People who file for bankruptcy are not irresponsible, lazy, or “taking advantage of the system.” Nobody wants to file for bankruptcy. It is a difficult financial decision to make, but it often is the best financial decision for the people who file. It is also a legal right.
The vast majority of people who file for bankruptcy are honest people who fell on hard financial times that were beyond their control. There are life events that adversely affect finances and are the most common reasons why people file for bankruptcy protection.
An article published in The American Journal of Medicine revealed that 62.1% of all bankruptcies had a medical cause. The article was published in 2009 and was based on a study conducted on all bankruptcies filed in 2007. Nearly two-thirds of all bankruptcies had a medical cause.
Certainly, health care in the U.S. has changed since 2007 and is still evolving. Though the number of uninsured Americans has decreased, a survey conducted by The New York Times and the Kaiser Family Foundation found that “roughly 20 percent of people under age 65 with health insurance nonetheless reported having problems paying their medical bills over the last year. By comparison, 53 percent of people without insurance said the same.”
Health insurance plans often require hundreds or thousands of dollars of out-of-pocket payments, like hefty deductibles, high-percentage coinsurance, and copays. These payments can create serious financial troubles. Medical debt that is beyond a person’s ability to pay back happens even to people with health insurance.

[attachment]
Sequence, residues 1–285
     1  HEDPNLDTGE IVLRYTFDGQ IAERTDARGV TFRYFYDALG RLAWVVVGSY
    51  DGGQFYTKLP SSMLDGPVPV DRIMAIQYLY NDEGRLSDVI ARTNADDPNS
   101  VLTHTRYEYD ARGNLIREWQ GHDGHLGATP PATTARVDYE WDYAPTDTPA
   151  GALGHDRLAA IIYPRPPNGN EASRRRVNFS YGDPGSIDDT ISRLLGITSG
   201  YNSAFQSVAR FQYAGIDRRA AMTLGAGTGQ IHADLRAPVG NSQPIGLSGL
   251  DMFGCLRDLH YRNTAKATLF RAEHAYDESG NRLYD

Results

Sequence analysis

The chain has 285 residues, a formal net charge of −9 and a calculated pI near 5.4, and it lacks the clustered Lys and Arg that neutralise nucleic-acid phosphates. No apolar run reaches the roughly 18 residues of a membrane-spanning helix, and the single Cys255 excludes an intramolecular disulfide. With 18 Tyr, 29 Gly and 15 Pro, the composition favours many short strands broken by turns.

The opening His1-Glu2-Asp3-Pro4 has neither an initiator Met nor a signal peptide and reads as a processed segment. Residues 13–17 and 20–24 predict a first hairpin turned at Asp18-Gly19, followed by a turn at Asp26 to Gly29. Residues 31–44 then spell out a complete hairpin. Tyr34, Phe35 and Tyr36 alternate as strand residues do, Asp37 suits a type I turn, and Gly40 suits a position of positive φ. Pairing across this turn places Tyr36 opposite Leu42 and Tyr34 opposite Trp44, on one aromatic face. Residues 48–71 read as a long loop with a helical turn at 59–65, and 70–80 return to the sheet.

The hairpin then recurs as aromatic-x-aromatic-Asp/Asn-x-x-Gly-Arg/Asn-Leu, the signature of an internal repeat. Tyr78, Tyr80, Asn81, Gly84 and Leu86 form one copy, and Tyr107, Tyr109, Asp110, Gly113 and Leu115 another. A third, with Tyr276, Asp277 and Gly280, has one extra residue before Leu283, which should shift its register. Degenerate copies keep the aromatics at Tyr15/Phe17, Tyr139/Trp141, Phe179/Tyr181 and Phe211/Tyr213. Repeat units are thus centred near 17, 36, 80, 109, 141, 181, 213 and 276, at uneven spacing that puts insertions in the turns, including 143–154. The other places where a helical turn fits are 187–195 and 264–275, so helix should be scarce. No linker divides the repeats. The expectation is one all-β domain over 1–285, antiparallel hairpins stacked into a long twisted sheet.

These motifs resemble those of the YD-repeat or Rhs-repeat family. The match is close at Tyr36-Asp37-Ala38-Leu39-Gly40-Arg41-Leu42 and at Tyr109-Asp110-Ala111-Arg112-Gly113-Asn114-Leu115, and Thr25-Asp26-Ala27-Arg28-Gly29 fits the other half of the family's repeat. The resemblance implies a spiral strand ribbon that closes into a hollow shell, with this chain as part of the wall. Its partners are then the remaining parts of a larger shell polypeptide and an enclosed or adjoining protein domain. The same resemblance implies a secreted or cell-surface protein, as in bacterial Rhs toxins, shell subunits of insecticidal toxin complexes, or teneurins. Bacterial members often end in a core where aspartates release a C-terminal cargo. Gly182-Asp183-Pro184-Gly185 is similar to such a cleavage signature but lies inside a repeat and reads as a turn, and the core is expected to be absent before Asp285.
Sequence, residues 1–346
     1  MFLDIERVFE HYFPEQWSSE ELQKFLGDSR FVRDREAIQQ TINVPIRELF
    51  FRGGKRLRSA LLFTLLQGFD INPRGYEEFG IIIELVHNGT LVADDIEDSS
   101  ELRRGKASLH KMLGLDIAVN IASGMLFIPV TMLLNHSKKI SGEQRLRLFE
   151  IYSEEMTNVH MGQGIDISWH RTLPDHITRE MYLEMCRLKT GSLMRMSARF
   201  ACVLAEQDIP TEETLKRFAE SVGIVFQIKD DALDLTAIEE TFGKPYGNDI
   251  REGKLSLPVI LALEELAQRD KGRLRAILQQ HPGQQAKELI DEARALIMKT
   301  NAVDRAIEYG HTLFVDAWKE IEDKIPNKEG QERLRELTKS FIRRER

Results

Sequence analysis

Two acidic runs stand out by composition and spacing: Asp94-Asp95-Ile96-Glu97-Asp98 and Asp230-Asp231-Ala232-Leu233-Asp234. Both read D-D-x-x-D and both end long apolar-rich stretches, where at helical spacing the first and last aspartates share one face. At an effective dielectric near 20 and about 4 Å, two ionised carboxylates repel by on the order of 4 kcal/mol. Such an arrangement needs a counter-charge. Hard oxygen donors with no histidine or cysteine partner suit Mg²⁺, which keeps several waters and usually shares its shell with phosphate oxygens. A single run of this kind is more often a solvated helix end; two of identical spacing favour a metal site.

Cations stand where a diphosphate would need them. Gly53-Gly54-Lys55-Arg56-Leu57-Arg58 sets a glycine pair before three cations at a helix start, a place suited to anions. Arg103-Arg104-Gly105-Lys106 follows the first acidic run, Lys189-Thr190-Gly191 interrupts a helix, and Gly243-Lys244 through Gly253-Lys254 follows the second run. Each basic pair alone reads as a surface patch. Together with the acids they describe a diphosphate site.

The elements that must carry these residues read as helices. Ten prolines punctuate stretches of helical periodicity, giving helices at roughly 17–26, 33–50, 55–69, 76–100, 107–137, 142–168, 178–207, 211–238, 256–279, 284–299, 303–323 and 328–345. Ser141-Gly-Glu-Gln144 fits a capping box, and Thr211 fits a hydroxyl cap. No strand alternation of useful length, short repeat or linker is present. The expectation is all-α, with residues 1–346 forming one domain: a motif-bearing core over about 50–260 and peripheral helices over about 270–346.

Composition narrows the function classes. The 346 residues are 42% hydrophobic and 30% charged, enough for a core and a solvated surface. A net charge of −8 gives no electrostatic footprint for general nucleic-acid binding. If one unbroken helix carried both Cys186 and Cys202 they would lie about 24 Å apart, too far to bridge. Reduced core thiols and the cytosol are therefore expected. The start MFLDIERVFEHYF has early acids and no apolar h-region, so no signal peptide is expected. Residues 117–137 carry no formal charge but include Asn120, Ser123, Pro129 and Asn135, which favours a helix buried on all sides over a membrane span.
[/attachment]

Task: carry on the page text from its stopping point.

Also, consider that medical debt may not be in the form of medical bills – but may be carried on credit cards from paying medical bills, buying necessary medications, and charging other costs associated with a medical crisis or health care needs.
Job Loss & Unemployment
Many American families do not have adequate savings to cover even a short period of unemployment.
In a recent Bankrate survey, 41 percent of adults said they could pay for a $1,000 unexpected cost from savings. In the same survey, 3 out of 5 participants said they had a major unexpected expense in the past year. The most common unexpected expenses are related to transportation, appliances, other home-related breakdowns, injury, or illness.
For the 59 percent of American who do not have $1,000 in savings, a few weeks or months of unemployment can be financially catastrophic. Running up credit card debt or taking out loans to stay afloat may be necessary. Then, even if new employment is secured quickly after a job loss, paying off the debt incurred while also paying current monthly bills as they become due may prove impossible.
First, divorce is expensive. It typically involves court costs, attorneys fees, and the costs of maintaining two separate households. Second, if there were financial problems prior to the divorce, it is likely that the financial problems will be even worse after divorce.
When you look closely at the devastating affects these three life events can have on finances, it is no surprise that these are the most common reasons why people file for bankruptcy.
Making the Decision to File for Bankruptcy
Filing for bankruptcy is not shameful. Certainly, it is a difficult financial decision, but bankruptcy can also be the best financial decision. Come meet with us for a free consultation to learn about how bankruptcy will affect you. You may be surprised to learn that many people who file for bankruptcy get to keep most or all of their belongings. You may also be surprised to learn that bankruptcy is not a courtroom battle.
Here at the Law Office of Barbara B. Braziel we will make sure you understand the benefits of bankruptcy and how filing with affect you and your family. We take the time to explain the bankruptcy process to our clients. We invite you to learn more about our firm here and come meet with us for a free no-obligation consultation.
Reach out to us by email at info@BrazielLaw.com or call (912) 351-9000.
We are a debt relief agency. We help people file for bankruptcy relief under the U.S. Bankruptcy Code.